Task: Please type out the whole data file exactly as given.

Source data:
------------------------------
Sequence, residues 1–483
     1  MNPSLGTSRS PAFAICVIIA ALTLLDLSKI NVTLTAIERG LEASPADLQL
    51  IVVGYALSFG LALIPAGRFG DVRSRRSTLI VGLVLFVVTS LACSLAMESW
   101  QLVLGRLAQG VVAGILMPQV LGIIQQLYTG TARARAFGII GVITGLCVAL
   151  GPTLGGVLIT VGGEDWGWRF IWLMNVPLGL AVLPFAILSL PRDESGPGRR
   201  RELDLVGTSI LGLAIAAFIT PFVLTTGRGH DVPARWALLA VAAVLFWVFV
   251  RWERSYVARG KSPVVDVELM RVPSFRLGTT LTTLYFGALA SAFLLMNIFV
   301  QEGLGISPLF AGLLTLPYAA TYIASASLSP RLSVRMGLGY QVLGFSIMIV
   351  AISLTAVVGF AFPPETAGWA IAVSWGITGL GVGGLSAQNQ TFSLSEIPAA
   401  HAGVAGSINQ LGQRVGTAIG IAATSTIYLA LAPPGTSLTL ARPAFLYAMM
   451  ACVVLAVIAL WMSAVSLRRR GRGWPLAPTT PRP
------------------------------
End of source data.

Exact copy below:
Sequence, residues 1–483
     1  MNPSLGTSRS PAFAICVIIA ALTLLDLSKI NVTLTAIERG LEASPADLQL
    51  IVVGYALSFG LALIPAGRFG DVRSRRSTLI VGLVLFVVTS LACSLAMESW
   101  QLVLGRLAQG VVAGILMPQV LGIIQQLYTG TARARAFGII GVITGLCVAL
   151  GPTLGGVLIT VGGEDWGWRF IWLMNVPLGL AVLPFAILSL PRDESGPGRR
   201  RELDLVGTSI LGLAIAAFIT PFVLTTGRGH DVPARWALLA VAAVLFWVFV
   251  RWERSYVARG KSPVVDVELM RVPSFRLGTT LTTLYFGALA SAFLLMNIFV
   301  QEGLGISPLF AGLLTLPYAA TYIASASLSP RLSVRMGLGY QVLGFSIMIV
   351  AISLTAVVGF AFPPETAGWA IAVSWGITGL GVGGLSAQNQ TFSLSEIPAA
   401  HAGVAGSINQ LGQRVGTAIG IAATSTIYLA LAPPGTSLTL ARPAFLYAMM
   451  ACVVLAVIAL WMSAVSLRRR GRGWPLAPTT PRP